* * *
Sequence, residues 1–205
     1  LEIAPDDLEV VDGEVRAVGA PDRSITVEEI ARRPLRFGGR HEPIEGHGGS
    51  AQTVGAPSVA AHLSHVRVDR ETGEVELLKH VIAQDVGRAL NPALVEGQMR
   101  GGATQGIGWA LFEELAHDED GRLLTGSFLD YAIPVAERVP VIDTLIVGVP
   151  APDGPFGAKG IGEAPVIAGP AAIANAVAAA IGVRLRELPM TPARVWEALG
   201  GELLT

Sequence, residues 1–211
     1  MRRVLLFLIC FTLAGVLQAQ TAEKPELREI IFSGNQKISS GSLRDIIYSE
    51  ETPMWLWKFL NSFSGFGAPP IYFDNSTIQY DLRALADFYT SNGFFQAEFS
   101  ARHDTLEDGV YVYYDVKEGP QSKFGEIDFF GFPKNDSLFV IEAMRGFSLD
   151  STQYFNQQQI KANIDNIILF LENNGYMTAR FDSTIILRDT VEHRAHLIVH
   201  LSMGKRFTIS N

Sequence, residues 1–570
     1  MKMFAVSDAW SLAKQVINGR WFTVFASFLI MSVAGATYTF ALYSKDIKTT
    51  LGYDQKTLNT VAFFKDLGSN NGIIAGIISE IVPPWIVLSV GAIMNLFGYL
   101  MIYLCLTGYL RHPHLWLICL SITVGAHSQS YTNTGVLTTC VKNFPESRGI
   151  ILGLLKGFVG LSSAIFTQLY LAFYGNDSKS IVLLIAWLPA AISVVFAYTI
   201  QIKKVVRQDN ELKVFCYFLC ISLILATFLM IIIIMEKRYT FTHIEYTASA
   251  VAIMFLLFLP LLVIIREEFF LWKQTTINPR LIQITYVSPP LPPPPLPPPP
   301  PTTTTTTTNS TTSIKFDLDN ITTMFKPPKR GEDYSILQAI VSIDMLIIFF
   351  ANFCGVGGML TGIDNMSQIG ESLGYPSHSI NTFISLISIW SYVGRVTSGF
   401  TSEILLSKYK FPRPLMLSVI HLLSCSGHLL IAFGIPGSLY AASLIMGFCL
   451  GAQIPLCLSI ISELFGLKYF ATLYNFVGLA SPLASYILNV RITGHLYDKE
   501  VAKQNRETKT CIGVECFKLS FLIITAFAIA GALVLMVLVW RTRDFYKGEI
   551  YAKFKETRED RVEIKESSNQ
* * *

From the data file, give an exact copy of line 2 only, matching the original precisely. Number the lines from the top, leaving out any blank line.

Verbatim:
     1  LEIAPDDLEV VDGEVRAVGA PDRSITVEEI ARRPLRFGGR HEPIEGHGGS